The "market revolution" is a term used by historians to describe the expansion of the marketplace that occurred in early nineteenth-century America, prompted mainly by the construction of new roads and canals to connect distant communities together for the first time. Inspired by the success of the Erie Canal, states poured millions into transportation networks that spurred economic growth.
But the market revolution refers also to a new approach adopted by farmers and manufacturers to their work. With distant but lucrative markets now accessible, they now produced "for the market," rather than for personal consumption, and they engaged in elaborate calculations designed to maximize their profits in these markets.
The market revolution brought greater opportunities to some farmers, craftsmen, and entrepreneurs. But since the greatest success was realized by those who understood how to "work the market"—how to secure capital, arrange transportation, advertise and distribute goods—the market revolution diminished the economic fortunes of others. Small craftsmen were driven out of business by "merchant capitalists," and skilled workers and small shop owners were reduced to wage earners with little hope for occupational mobility.
Even among those who succeeded under the new conditions, the rapid and sweeping changes that occurred in American labor relations and gender roles caused a great deal of anxiety. This anxiety inspired a wave of experimentation in areas as diverse as labor organization, health, and religion.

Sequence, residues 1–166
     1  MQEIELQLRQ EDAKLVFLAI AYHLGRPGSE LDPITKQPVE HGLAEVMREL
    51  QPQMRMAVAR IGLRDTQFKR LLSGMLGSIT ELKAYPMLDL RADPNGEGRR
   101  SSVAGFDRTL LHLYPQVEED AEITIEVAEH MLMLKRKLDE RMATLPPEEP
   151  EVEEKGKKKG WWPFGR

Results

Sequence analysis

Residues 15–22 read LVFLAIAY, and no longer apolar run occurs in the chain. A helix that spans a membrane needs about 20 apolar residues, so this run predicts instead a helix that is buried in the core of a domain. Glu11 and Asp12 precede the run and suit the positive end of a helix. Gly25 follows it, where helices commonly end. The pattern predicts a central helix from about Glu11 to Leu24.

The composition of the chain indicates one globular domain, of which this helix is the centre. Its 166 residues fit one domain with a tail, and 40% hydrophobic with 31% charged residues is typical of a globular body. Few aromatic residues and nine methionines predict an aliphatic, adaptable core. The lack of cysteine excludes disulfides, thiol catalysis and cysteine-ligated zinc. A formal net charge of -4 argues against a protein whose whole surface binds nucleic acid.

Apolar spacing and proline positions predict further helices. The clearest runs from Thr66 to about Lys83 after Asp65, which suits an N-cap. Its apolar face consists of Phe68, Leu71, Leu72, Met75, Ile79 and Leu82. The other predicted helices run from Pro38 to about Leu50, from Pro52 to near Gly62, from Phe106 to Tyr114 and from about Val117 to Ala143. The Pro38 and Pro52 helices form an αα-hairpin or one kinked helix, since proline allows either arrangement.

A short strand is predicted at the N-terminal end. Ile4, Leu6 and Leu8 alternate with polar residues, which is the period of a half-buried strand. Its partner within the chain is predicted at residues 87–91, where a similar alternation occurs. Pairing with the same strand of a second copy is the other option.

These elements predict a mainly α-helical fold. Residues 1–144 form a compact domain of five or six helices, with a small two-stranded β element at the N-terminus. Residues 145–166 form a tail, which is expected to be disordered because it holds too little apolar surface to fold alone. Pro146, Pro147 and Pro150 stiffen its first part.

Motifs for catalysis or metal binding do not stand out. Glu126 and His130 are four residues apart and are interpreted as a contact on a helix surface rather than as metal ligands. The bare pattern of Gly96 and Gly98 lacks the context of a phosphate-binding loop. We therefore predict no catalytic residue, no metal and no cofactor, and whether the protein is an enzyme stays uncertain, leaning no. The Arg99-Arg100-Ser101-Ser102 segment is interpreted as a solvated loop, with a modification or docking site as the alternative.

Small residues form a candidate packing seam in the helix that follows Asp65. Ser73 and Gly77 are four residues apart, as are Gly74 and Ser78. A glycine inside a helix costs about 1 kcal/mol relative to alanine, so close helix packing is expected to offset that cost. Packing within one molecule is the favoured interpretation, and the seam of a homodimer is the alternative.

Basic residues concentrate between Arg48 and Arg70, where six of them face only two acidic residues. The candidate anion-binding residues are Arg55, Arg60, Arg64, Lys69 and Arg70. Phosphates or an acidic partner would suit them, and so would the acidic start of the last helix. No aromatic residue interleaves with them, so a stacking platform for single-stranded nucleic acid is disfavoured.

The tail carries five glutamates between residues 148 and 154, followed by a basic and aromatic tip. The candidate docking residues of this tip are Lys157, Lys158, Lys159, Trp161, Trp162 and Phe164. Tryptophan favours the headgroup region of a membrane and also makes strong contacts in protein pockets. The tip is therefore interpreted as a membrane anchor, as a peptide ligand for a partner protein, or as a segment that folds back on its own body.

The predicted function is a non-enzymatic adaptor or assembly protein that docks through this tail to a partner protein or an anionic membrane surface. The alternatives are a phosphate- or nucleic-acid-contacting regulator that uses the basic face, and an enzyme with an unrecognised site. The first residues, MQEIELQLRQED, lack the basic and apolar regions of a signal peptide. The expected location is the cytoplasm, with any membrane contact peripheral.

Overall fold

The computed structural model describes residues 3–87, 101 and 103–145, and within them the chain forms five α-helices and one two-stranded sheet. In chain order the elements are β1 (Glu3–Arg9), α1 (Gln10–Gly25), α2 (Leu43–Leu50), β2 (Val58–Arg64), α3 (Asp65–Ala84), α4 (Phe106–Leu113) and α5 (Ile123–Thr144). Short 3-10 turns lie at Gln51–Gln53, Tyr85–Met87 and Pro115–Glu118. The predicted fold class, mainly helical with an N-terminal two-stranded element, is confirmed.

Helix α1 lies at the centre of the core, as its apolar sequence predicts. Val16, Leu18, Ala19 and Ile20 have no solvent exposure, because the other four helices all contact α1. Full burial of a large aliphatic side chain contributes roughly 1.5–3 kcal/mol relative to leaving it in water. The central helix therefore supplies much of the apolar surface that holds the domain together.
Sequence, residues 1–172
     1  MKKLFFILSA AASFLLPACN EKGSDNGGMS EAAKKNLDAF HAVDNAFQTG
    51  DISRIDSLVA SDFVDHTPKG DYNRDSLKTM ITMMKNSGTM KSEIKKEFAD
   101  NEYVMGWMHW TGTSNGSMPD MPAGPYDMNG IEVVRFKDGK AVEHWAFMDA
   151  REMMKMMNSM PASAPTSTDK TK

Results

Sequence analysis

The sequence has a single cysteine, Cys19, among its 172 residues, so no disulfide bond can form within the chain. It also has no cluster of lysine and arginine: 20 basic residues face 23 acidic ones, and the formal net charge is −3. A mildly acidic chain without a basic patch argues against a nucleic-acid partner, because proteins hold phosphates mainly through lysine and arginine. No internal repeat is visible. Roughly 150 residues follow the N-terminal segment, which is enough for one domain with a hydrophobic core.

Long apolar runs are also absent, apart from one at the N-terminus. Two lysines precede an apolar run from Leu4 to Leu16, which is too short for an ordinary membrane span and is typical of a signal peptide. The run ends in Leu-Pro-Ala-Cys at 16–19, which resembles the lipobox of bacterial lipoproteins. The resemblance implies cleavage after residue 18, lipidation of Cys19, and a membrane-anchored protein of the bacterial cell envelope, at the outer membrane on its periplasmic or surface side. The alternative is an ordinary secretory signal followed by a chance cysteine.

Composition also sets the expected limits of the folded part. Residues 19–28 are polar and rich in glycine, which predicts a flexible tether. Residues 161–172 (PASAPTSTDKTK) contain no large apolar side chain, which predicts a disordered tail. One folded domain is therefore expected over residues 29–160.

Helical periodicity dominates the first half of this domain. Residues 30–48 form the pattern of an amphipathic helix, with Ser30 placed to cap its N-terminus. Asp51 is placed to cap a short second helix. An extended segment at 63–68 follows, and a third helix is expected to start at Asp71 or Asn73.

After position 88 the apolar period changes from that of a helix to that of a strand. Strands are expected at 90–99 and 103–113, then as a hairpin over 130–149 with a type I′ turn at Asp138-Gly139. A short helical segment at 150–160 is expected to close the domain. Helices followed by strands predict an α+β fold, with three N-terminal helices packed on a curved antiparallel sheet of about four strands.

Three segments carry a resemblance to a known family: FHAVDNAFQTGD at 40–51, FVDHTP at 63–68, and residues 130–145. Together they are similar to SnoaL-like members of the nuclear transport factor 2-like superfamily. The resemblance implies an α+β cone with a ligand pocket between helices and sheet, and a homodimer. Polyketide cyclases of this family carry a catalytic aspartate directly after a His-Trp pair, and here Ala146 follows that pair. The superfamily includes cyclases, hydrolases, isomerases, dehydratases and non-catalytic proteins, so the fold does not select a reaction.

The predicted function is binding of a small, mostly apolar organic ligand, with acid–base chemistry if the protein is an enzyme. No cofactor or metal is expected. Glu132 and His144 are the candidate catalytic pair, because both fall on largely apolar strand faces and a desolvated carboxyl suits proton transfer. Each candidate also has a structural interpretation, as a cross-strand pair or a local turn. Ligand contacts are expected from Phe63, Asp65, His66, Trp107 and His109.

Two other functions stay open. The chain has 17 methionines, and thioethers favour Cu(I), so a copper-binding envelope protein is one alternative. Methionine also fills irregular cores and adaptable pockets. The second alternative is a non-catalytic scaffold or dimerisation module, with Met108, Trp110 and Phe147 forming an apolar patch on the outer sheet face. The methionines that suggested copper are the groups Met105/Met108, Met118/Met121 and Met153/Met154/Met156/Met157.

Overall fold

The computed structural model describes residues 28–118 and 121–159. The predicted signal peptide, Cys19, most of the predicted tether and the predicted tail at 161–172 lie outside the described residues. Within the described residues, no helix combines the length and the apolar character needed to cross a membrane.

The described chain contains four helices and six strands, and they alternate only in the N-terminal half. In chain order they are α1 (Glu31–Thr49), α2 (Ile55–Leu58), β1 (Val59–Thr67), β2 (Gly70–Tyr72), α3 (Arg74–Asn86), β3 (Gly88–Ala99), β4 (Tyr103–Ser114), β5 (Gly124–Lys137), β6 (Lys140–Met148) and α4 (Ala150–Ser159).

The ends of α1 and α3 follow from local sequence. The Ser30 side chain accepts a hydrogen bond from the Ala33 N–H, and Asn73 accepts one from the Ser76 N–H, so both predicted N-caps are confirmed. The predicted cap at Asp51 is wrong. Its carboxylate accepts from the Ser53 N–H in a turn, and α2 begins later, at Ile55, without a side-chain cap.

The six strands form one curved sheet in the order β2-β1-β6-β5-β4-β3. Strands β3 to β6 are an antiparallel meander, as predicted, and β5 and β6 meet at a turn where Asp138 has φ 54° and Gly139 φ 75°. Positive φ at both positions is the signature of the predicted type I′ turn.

Have you ever been ripped off on eBay? Have you ever misrepresented an item on Craigslist? The internet has turned our homes into global marketplaces. Millions of buyers and sellers are just a mouse click away. But can you trust them? Can you trust yourself?
What if you could only buy goods from your friends, your family, the people in your neighborhood? What if you could only sell goods to people that you knew? Would you find this sort of marketplace limiting or reassuring? Would you be willing to exchange a better deal for the confidence that comes with doing business with someone you know and trust?
Until the early nineteenth century, most Americans participated in markets that were local and familiar. They did business with people they knew and every exchange was embedded within a larger web of relationships—for instance, your buyer belonged to your church or your seller's daughter was married to your cousin. The basic rule governing these local markets was simple: be fair. If you ripped somebody off, it would be talked about by your neighbors for the rest of your life.
But during the market revolution, new roads and canals allowed people to exchange goods in distant markets with complete strangers. It wasn't exactly eBay, but for people accustomed to markets that were familiar and local, it was just about the same—both exciting and unnerving. While many embraced the new opportunities provided by the new market conditions, others sought refuge from the chaos in new religions. While some abandoned their old markets and old ways and began to think like businessmen, others tried to slow the forces of change.
Had you been alive in 1820, how would you have responded? Would you have become an entrepreneur or a Shaker?